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Our very first Traditional Cherokee Full Moon Fire Ceremony 🔥

Tonight I hosted our very first Traditional Cherokee Full Moon Fire Ceremony. 


Paper bags full of herbs 🌿
Earlier today, I gathered up some of my herbs and made a bag for each person to toss into the fire as an offering to God. I chose each herb based on it’s meaning and what I felt we needed at this time. 

We burned allspice for compassion; sage for wisdom; and pink roses for grace, happiness, and gentleness. 

We burned spearmint for warmth of sentiment; peppermint for warmth of feeling;  and sweet basil for good wishes, love, and serious intentions. 

We burned calendula for sacred affections, joy, and rememberance;  rosemary for rememberance and God’s presence reviving us; and lavender for devotion and virtue. 

 We burned thyme for courage, strength, activity, thriftiness, and energy; hyssop for cleanliness and sacrifice; and fennel for strength.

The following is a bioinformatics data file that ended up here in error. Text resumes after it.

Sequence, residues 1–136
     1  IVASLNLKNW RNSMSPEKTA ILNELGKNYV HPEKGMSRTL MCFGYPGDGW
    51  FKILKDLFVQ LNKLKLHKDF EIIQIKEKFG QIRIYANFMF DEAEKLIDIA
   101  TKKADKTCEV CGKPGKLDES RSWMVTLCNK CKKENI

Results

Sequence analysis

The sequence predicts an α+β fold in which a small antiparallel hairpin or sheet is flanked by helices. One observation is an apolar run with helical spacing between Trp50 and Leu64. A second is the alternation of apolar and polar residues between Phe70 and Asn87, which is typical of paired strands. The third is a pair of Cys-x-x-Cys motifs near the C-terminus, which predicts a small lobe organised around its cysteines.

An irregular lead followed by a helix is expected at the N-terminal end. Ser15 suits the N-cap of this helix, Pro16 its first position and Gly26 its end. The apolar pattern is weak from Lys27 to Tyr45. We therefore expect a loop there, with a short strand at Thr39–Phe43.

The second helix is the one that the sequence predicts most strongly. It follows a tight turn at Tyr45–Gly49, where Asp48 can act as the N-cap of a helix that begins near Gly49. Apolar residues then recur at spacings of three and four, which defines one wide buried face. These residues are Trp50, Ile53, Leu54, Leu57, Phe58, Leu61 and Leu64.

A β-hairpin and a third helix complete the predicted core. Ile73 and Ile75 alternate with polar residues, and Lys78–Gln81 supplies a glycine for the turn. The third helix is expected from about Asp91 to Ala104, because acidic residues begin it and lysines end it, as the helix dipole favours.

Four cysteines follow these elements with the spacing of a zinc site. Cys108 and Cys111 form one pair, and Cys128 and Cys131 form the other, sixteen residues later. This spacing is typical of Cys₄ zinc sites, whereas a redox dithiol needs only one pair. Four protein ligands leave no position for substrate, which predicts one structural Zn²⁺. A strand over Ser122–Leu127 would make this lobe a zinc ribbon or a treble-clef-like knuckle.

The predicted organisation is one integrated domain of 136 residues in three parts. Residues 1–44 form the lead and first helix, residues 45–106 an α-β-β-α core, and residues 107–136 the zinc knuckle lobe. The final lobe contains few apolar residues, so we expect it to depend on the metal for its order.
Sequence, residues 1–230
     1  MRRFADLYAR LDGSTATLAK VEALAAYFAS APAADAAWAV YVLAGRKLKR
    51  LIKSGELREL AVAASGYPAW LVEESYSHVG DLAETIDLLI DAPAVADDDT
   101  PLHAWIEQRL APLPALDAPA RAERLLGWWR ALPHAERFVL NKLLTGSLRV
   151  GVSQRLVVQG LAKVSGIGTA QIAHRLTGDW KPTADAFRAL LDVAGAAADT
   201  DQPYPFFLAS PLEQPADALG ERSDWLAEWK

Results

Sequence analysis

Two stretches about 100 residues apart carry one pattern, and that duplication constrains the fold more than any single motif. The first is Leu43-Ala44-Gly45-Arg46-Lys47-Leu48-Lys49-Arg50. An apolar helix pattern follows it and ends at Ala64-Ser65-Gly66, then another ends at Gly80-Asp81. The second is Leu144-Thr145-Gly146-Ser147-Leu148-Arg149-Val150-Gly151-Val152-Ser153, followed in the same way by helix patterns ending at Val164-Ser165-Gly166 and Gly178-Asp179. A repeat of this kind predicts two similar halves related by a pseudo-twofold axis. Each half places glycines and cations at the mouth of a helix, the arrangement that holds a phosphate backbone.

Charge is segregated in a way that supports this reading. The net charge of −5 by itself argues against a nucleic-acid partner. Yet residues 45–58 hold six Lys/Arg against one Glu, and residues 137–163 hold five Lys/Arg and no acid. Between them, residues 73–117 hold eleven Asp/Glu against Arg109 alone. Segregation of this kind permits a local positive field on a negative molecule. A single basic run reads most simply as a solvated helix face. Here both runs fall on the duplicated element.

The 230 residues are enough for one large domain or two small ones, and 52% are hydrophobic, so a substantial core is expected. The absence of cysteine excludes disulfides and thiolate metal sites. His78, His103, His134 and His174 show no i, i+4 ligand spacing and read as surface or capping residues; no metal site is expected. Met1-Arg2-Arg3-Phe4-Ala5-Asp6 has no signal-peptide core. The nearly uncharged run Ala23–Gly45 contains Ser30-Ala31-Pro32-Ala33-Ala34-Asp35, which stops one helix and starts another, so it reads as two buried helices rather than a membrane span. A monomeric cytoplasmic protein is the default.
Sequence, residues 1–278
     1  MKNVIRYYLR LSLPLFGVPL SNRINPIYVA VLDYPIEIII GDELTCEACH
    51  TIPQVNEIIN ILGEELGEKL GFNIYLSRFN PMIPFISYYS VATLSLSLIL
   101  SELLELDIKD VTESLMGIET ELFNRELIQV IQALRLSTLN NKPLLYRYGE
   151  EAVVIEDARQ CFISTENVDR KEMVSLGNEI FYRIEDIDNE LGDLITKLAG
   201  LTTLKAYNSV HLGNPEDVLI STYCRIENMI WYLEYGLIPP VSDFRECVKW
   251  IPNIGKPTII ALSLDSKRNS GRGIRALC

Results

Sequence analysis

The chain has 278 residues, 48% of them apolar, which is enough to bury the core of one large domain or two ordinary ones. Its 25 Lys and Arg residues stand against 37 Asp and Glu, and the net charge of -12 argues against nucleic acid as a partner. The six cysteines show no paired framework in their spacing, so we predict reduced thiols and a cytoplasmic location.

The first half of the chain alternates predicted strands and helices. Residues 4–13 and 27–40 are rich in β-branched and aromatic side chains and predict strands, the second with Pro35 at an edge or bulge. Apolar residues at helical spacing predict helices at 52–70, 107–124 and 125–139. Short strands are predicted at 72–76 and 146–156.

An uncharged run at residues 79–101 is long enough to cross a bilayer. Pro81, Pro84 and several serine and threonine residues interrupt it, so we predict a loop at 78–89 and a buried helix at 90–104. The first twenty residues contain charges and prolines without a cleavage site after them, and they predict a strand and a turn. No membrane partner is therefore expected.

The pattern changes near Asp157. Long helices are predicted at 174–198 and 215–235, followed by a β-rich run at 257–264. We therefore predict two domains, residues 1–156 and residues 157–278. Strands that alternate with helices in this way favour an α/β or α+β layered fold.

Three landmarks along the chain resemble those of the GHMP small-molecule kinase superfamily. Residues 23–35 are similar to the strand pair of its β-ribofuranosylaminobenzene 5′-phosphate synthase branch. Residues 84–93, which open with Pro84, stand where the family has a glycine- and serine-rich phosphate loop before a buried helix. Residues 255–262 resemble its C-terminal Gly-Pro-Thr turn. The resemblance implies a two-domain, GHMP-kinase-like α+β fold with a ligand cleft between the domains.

We burned chamomile for energy in adversity, initiative, and patience; cloves for dignity; and dill for good spirits, and it’s power against evil.

We burned myrrh for gladness and love; parsley for useful knowledge; and horehound for health. 


We burned coriander for hidden worth and valerian for readiness. 

We also burned cedar for strength, oak leaves for bravery, and oak wood for hospitality. 

After the bags of herbs were ready, I got the fire pit ready. I tried to find seven different types of wood to burn, one to honor each tribe. Then I stacked the wood and added kindling. 

I cooked a big pot of beans and a big pot of chili after my work outside was finished. I figured we needed foods to nourish our bodies before the fire ceremony. 

After we gobbled up the nourishing home cooked meal, we wrote down the intentions we would like to release and the things we would like to call forth from God.